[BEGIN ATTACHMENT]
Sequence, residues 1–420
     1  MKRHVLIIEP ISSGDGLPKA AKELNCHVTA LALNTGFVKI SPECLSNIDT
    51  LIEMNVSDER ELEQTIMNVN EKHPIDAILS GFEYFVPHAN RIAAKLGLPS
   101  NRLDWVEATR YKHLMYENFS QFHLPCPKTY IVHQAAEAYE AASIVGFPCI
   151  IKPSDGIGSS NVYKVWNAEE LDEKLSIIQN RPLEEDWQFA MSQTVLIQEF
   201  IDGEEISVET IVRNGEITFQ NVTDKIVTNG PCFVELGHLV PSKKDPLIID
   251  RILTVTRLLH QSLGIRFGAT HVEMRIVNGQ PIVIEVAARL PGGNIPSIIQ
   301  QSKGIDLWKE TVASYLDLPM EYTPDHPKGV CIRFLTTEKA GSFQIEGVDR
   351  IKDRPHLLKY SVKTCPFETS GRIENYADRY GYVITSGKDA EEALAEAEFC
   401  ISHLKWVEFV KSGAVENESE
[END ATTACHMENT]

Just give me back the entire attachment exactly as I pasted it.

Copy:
Sequence, residues 1–420
     1  MKRHVLIIEP ISSGDGLPKA AKELNCHVTA LALNTGFVKI SPECLSNIDT
    51  LIEMNVSDER ELEQTIMNVN EKHPIDAILS GFEYFVPHAN RIAAKLGLPS
   101  NRLDWVEATR YKHLMYENFS QFHLPCPKTY IVHQAAEAYE AASIVGFPCI
   151  IKPSDGIGSS NVYKVWNAEE LDEKLSIIQN RPLEEDWQFA MSQTVLIQEF
   201  IDGEEISVET IVRNGEITFQ NVTDKIVTNG PCFVELGHLV PSKKDPLIID
   251  RILTVTRLLH QSLGIRFGAT HVEMRIVNGQ PIVIEVAARL PGGNIPSIIQ
   301  QSKGIDLWKE TVASYLDLPM EYTPDHPKGV CIRFLTTEKA GSFQIEGVDR
   351  IKDRPHLLKY SVKTCPFETS GRIENYADRY GYVITSGKDA EEALAEAEFC
   401  ISHLKWVEFV KSGAVENESE